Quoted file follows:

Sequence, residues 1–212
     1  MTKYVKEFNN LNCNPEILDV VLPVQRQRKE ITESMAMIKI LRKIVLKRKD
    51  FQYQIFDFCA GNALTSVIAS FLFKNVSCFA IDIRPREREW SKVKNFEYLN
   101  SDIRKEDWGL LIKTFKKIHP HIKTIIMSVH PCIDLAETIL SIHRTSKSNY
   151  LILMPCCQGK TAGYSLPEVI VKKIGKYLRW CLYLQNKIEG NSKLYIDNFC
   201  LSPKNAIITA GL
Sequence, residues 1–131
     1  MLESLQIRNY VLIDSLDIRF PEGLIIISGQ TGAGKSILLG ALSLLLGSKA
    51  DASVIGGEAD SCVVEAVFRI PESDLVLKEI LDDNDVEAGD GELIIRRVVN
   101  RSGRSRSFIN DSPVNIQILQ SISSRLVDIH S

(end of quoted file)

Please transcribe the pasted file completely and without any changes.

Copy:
Sequence, residues 1–212
     1  MTKYVKEFNN LNCNPEILDV VLPVQRQRKE ITESMAMIKI LRKIVLKRKD
    51  FQYQIFDFCA GNALTSVIAS FLFKNVSCFA IDIRPREREW SKVKNFEYLN
   101  SDIRKEDWGL LIKTFKKIHP HIKTIIMSVH PCIDLAETIL SIHRTSKSNY
   151  LILMPCCQGK TAGYSLPEVI VKKIGKYLRW CLYLQNKIEG NSKLYIDNFC
   201  LSPKNAIITA GL
Sequence, residues 1–131
     1  MLESLQIRNY VLIDSLDIRF PEGLIIISGQ TGAGKSILLG ALSLLLGSKA
    51  DASVIGGEAD SCVVEAVFRI PESDLVLKEI LDDNDVEAGD GELIIRRVVN
   101  RSGRSRSFIN DSPVNIQILQ SISSRLVDIH S